Your pitch deck is fundamental to telling your organization’s story.
While the pitch deck itself is rarely the reason for getting funded, developing one that is compelling can improve your odds. Your deck should tell a story about why you created the company and why people need your product or service. Throughout this article, we will outline some important aspects that Refinery Ventures looks for when looking at pitch decks.
Balance Your Pitch Deck
It’s important to be specific in your deck while also summarizing. The balance falls between “the curse of knowing too much” and being too high level.
Consider that the investor may not have a deep understanding of your industry, so providing context without getting in the weeds is important. Inversely, if a pitch is too high level, the VC may not have a clear understanding of the business. Strive to make your presentation easy to digest, even by the most novice reader. Remember, simplicity is the ultimate form of sophistication..
It is also important to balance the length of a pitch deck. Since VCs see a lot of decks, they cannot spend hours on yours for the first flip. However, it can’t be too short where major questions are left unanswered.
Here is a basic outline of your slides that may help you find the perfect length:
Problem – What isn’t working in the market. Simply put… what is the problem?
Solution – Show what your company provides and why it is distinct. Highlight your unique value proposition. What will the world look like after the problem is solved?
Market – What’s the TAM? Include accurate market estimations and overall market trends. This is a great way to demonstrate the size of the opportunity to investors and an opportunity to demonstrate your unique insights.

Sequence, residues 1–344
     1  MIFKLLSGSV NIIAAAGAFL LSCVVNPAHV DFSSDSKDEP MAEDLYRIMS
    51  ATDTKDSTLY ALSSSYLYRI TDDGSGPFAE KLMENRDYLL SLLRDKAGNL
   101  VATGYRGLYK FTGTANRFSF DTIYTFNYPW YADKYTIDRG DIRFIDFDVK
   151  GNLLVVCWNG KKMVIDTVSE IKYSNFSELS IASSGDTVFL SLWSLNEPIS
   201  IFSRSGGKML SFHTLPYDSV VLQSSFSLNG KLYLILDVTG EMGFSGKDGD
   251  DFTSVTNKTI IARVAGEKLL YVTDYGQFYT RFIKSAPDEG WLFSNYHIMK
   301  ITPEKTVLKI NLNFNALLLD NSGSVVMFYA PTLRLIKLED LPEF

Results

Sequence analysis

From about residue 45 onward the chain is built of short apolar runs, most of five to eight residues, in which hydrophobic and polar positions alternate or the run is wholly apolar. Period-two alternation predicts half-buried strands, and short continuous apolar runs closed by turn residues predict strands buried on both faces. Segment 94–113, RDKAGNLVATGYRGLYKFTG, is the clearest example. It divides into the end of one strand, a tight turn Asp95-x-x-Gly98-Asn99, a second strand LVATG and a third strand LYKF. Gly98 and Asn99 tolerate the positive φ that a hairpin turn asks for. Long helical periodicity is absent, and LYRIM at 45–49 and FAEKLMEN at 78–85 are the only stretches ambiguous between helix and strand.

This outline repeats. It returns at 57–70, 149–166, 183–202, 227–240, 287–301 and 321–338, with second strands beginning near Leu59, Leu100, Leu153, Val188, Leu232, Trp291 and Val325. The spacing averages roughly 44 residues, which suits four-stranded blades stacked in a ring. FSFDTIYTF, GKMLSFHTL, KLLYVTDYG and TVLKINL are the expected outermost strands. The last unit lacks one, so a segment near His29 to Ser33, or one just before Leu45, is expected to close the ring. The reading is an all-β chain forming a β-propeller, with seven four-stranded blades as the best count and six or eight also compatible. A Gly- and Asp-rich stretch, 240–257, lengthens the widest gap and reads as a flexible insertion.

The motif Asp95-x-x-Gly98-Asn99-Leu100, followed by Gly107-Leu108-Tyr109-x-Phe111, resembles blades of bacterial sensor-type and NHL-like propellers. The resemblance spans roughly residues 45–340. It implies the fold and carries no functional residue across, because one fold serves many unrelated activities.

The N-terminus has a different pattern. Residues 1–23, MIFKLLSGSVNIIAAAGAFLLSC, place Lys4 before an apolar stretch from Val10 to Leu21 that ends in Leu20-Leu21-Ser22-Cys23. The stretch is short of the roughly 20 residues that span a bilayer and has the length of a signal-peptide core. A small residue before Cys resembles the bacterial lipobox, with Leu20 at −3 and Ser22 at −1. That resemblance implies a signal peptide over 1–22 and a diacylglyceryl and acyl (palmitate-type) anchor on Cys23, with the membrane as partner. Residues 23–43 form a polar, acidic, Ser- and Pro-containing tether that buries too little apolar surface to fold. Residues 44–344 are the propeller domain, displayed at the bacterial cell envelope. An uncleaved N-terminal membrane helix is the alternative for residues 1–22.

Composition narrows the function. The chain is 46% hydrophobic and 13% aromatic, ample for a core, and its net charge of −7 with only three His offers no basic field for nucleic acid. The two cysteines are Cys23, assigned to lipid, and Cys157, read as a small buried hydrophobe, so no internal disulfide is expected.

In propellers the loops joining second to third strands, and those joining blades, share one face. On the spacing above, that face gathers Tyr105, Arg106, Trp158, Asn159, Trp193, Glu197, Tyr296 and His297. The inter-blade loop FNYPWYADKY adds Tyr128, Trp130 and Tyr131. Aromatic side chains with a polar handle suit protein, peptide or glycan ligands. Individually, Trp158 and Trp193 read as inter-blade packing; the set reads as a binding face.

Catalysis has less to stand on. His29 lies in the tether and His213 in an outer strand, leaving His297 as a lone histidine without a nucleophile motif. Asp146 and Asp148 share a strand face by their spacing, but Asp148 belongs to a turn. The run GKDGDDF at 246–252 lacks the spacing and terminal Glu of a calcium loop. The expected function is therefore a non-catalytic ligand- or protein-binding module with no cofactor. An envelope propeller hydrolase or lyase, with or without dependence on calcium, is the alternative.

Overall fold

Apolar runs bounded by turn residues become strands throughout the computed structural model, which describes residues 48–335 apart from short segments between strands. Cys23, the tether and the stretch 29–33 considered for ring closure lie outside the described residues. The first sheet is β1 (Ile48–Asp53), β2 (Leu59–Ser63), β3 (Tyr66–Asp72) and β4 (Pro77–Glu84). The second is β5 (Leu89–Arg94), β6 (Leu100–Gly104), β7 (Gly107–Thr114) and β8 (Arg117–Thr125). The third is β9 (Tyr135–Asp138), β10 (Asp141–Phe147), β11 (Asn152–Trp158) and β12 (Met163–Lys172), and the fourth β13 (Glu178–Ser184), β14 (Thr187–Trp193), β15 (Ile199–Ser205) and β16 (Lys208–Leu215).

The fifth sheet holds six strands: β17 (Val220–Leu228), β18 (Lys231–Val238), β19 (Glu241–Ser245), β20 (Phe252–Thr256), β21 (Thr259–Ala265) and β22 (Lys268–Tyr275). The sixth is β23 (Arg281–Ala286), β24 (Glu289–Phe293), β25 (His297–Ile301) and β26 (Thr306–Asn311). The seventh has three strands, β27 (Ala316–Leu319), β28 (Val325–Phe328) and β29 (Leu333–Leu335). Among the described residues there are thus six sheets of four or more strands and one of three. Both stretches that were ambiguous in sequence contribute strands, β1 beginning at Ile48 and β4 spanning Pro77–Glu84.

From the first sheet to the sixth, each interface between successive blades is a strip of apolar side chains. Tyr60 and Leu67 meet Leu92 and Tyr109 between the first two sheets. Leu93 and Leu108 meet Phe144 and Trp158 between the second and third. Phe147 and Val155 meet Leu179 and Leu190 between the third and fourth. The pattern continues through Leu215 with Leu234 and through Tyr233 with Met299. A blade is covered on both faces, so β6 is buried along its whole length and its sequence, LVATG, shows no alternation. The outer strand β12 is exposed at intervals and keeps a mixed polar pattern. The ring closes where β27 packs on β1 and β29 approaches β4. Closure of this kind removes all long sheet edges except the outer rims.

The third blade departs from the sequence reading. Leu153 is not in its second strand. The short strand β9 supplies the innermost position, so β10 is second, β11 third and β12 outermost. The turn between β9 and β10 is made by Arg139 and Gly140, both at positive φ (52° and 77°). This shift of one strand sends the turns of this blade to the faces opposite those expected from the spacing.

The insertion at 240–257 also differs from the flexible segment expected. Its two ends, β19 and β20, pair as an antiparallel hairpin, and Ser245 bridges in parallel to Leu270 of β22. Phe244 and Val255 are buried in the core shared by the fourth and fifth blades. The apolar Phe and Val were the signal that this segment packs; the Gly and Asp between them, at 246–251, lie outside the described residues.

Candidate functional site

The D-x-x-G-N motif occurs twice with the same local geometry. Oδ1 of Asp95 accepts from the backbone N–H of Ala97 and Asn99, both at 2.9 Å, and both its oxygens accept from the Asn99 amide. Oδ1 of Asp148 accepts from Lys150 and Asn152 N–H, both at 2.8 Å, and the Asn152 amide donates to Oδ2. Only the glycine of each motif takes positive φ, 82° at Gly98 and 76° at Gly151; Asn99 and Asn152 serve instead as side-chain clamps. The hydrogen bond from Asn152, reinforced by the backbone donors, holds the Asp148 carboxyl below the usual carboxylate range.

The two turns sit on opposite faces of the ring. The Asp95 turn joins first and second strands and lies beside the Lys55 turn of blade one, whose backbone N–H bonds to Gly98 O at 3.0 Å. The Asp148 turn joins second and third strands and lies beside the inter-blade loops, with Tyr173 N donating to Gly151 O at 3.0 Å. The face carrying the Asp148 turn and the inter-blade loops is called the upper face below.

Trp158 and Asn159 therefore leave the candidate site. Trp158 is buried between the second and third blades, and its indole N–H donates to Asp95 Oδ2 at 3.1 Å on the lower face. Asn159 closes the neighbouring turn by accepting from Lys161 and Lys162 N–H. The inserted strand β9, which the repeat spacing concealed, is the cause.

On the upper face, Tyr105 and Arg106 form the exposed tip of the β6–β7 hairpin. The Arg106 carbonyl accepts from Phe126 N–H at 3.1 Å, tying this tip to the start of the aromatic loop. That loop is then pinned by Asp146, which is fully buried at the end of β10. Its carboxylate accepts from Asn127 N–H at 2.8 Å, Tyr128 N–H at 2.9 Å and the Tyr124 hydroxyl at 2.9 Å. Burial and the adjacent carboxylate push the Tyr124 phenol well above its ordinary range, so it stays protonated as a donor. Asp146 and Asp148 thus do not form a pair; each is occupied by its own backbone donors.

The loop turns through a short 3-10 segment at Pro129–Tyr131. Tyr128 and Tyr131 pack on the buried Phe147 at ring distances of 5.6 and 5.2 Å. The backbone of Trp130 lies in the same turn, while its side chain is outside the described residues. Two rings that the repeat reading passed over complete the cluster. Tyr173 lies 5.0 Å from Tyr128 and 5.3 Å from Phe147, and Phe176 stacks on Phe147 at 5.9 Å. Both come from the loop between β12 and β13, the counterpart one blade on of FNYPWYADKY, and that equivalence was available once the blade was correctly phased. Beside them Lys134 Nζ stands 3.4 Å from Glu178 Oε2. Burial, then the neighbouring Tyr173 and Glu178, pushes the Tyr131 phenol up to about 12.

Business model – Show some plans on how your business can be profitable. Be sure to include go-to-market explaining how you will capture market share. Use industry benchmarks and be clear about your assumptions. For example, you might want to show that your assumed CAC (Customer Acquisition Cost) is reasonable relative to the industry, and not overly optimistic.
Competitors – What do your competitors offer and what distinguishes your business from them?
Defensibility – How will you defend against competitors and maintain a competitive edge? This can come from IP, network economies, or even trade secrets.
Traction – Show relevant KPI’s of user growth, ARR, profit, or impressions. What assumptions have you validated, and what is left to demonstrate?
Team – Investors invest in you, show them your awesome self. Be committed and capable of solving the problem
Ask – Break down the allocation of your fundraise.
After designing your deck it’s essential to go back and think if it clearly answers these questions:
Is this idea unique and defensible?
Is this a large market? Is this the right time?
How to Send Your Deck
Sending the deck via PDF is best, but DocSend and other newer apps and programs are also good to enable metric tracking.
For founders, DocSend might be useful, as these types of services send trackable versions of their pitch decks. They can use these insights to see which firms are engaged and sharing. Keep in mind a VC may want to share amongst their own team, and some services make this difficult.
The Future of Pitching
We’ve been seeing more and more startups recording a quick elevator pitch as well as a longer 10-minute pitch in video form to send ahead of time. We find these elevator pitches to be helpful as context to your pitch so we can ask more insightful questions.
Presenting your pitch deck
Different VCs have different presenting styles. Some like walking through the deck and some prefer an open conversation, and you should be prepared to pitch in both scenarios.
Finally, here are some of our other favorite resources when it comes to pitch decks:
Getting your pitch right is one of the most crucial activities of a raise. Be creative, tell your story, and illustrate the opportunity. Remember to find balance and think about length. Remember, your deck will not be your reason for getting funding, but it is an excellent tool to help tell your companies’ story.
For more great information on completing a raise, visit our 2021 intern series for more knowledge. Best of luck on your raise!